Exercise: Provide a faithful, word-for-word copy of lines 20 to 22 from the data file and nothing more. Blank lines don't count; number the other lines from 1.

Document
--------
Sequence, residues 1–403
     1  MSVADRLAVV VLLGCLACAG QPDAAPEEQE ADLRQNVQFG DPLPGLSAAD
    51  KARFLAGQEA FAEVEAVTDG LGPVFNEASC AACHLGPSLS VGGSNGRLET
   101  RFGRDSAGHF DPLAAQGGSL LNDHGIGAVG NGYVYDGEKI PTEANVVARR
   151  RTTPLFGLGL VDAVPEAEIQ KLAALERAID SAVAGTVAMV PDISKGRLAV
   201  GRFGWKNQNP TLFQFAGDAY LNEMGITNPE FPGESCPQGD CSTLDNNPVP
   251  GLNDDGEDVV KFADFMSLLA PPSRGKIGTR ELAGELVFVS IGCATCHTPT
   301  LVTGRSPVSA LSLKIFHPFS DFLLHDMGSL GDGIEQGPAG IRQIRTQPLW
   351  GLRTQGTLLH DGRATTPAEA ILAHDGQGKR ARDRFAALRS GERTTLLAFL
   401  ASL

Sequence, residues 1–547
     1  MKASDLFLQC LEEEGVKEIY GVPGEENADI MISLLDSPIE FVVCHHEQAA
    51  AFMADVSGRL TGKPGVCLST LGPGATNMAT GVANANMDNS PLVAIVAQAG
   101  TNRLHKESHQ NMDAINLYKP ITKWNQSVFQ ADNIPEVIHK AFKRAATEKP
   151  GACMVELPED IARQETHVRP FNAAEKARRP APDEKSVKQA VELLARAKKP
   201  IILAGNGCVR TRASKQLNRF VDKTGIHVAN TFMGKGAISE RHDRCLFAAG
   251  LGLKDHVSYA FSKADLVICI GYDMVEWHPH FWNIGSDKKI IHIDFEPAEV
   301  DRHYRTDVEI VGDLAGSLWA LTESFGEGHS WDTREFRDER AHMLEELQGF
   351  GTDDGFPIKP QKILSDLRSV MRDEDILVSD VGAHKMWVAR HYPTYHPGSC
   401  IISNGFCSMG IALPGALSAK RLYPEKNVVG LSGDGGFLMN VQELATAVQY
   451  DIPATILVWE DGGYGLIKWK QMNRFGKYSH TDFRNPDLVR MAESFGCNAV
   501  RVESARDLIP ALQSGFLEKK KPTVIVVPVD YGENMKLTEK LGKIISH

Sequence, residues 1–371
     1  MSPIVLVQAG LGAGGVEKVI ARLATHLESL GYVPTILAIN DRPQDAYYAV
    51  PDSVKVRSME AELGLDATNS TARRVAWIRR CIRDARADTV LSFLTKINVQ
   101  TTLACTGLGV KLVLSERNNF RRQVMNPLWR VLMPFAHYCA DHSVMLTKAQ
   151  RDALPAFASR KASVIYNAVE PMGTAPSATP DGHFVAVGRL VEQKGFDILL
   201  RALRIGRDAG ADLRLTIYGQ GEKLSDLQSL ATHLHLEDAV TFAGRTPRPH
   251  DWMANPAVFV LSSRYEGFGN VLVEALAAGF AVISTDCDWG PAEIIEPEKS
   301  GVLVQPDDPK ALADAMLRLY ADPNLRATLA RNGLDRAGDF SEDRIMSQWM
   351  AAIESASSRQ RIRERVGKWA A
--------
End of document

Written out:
   401  IISNGFCSMG IALPGALSAK RLYPEKNVVG LSGDGGFLMN VQELATAVQY
   451  DIPATILVWE DGGYGLIKWK QMNRFGKYSH TDFRNPDLVR MAESFGCNAV
   501  RVESARDLIP ALQSGFLEKK KPTVIVVPVD YGENMKLTEK LGKIISH